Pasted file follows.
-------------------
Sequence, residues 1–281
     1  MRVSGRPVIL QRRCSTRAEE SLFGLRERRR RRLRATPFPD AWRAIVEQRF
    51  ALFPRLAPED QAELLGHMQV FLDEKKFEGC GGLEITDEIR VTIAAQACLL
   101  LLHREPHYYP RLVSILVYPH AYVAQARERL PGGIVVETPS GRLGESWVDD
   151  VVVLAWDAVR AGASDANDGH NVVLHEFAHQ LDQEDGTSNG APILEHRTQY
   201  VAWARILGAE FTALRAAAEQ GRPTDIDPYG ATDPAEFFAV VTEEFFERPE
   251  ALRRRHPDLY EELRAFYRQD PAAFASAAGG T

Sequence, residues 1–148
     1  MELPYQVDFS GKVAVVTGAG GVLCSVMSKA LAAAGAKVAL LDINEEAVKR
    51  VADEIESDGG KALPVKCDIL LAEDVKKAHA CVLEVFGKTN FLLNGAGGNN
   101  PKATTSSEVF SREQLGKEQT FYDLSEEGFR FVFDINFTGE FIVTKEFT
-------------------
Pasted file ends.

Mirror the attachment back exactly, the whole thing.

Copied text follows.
Sequence, residues 1–281
     1  MRVSGRPVIL QRRCSTRAEE SLFGLRERRR RRLRATPFPD AWRAIVEQRF
    51  ALFPRLAPED QAELLGHMQV FLDEKKFEGC GGLEITDEIR VTIAAQACLL
   101  LLHREPHYYP RLVSILVYPH AYVAQARERL PGGIVVETPS GRLGESWVDD
   151  VVVLAWDAVR AGASDANDGH NVVLHEFAHQ LDQEDGTSNG APILEHRTQY
   201  VAWARILGAE FTALRAAAEQ GRPTDIDPYG ATDPAEFFAV VTEEFFERPE
   251  ALRRRHPDLY EELRAFYRQD PAAFASAAGG T

Sequence, residues 1–148
     1  MELPYQVDFS GKVAVVTGAG GVLCSVMSKA LAAAGAKVAL LDINEEAVKR
    51  VADEIESDGG KALPVKCDIL LAEDVKKAHA CVLEVFGKTN FLLNGAGGNN
   101  PKATTSSEVF SREQLGKEQT FYDLSEEGFR FVFDINFTGE FIVTKEFT